When I was in high school I was taught that I should already have decided what I wanted to study by the time I got to college. Obviously college is much more beneficial to kids if they arrive with a major already decided, and a lot of it will end up being wasted time if not. STEM majors in particular depend heavily on the first two years of math and science core courses for the second two years where the real coursework begins. If you aren’t already taking the core STEM classes in Freshman year, by sophomore year, you’ll have forgotten much of your high school math and it will be nearly impossible to catch up.

    I can’t see much value in spending thousands of dollars a year “finding yourself” by taking random electives. You’re supposed to be doing that in high school.

    Seth: “Finding yourself” is more profitably accomplished by doing internships, which better teach what this or that job would be like. If you are advocating for a gap year, I agree with you.

  7. Hazel Meade Says:

    I’m not a fan of gap years. I think enriching the high schools with more interesting electives would be the better plan. Let junior and senior year high school students pick more of their own classes and offer a variety of ’101′ type humanities along with AP math and science. Econ 101, Psych 101, Poly Sci, World History, etc. could all be taught senior year of high school.

    Seth: I think you overestimate what a high school (more interesting electives) can teach relative to what the rest of the world (gap year) can teach.

  8. Assorted links Says:

    [...] 5. The Seth Roberts theory of what college should be for, but too often isn’t. [...]

  9. Paul Says:

    Students are very different. I’ve had students who came in knowing exactly what they wanted to do, others the opposite, older students who needed a degree to get promoted….

    What strikes me is how college education is being homogenized – one size fits all and we just have to find the magic bullet seems to be the implicit philosophy now.

    Seth: I agree. And not just college education.

  10. zbicyclist Says:

    I don’t mean this as a criticism of Seth, who’s trying to improve things, but part of this was called in the olden days “working your way through college”.

    That’s what’s a lot different now. My father in law could work his way through Northwestern (late 1930′s). I could work my way through Missouri as a commuter student (late 1960s, tuition $1250 — that’s $1250 total for four years). Now what you can earn by working 16 hours a week or so doesn’t make much of a dent in even a state school’s tuition, so perhaps there are fewer students working (or feeling that working while going to college is an important part of their financial/educational process, as opposed to a bit of spending money).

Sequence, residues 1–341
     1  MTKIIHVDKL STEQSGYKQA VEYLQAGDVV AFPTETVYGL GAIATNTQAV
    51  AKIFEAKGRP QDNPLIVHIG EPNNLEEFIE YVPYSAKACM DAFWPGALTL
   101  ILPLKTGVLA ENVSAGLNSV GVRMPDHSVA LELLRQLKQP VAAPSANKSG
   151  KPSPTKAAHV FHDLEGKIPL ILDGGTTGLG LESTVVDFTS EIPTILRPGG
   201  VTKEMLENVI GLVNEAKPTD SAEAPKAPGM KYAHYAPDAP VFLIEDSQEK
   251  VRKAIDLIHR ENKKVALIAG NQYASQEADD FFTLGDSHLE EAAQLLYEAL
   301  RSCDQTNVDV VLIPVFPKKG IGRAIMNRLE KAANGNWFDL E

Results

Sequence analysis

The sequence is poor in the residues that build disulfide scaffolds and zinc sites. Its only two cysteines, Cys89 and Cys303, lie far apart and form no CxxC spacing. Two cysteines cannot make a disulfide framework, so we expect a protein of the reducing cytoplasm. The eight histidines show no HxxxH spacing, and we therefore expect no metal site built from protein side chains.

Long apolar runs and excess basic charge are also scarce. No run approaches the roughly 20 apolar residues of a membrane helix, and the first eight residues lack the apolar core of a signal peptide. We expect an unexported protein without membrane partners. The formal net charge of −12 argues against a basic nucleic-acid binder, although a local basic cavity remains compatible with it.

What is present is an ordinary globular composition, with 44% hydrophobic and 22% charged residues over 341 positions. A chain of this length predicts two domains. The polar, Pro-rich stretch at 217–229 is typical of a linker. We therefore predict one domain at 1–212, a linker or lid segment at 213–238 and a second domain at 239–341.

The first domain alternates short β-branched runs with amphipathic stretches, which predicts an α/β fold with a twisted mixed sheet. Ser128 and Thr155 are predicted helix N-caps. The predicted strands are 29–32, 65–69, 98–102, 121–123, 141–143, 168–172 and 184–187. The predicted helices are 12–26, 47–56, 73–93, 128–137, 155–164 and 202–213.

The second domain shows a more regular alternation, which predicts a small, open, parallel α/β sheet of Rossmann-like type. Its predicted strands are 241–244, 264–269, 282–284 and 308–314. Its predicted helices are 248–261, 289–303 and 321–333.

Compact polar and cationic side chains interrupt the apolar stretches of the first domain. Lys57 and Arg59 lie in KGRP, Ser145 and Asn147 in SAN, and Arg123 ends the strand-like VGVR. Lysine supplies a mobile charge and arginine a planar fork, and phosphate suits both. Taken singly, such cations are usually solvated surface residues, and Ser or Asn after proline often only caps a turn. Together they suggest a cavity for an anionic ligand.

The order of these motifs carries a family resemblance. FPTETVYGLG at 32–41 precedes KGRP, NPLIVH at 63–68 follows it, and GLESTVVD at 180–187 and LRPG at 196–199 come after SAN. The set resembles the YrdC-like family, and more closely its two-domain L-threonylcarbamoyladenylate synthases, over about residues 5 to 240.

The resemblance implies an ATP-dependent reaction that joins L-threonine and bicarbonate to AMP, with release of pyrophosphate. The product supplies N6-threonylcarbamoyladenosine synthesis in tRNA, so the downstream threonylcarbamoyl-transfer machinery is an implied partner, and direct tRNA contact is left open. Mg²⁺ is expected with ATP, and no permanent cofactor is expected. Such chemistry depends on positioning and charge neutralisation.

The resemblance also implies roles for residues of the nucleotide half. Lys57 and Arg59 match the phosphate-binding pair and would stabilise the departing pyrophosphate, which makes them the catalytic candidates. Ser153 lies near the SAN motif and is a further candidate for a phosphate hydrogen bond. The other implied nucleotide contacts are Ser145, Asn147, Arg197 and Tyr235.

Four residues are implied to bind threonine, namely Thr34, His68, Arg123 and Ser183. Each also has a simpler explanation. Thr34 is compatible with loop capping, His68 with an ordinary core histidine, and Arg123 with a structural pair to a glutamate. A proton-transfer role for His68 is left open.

11. Kelly Smith Says:

    Great post Seth,
    I agree that most of the dialogue is missing this critical part of the college purchase. Mentoring, coaching, counseling…whatever you call it, this was definitely something I was looking for from my undergrad education, and like many people, I ended up finding it outside of the “system.”

    It sounds like your psych and the real world course is similar to point #4 in the “University 2.0″ concept. I’d love to learn more about your experience with this type of education, and I welcome any feedback on the straw man concept.

    http://www.squidoo.com/university-2-0

  12. Seth Roberts Says:

    My Psychology and the Real World class is easy to describe: 1. Students found their own internships/volunteer work. I didn’t have to do anything or push them. Only students with something in mind took the class — about 12 of them. 2. During class, we discussed what they had learned recently from what they were doing. This required no preparation on my part. So the class was extremely easy to teach, if “teach” is the right word. 3. After the class, some students said it was a great class and they had learned more from it than any other class they had taken. I think I gave all of them A’s. They wrote a short paper about what they’d learned.

  13. Karen Says:

    The ridiculous part of the education system is that we shouldn’t have to wait until college to be given the opportunity to find out what we like and are good at. Most of us have no idea how to even begin to answer this question because we have been sitting in a classroom being told what to learn and how to learn it for almost a decade and a half before we are even presented with any kind of choice concerning our education. Forced curriculum does nothing to help kids find their individual talents and interests. This is why I am homeschooling my children. My 11 and 9 year old sons are already well on their way to choosing their future career paths because they are allowed a say in how their education unfolds. Self-directed curriculum is a far better way in which to learn how to set goals and achieve them and when they get to college they will know exactly why they are there and what they need to do to get where they want to go.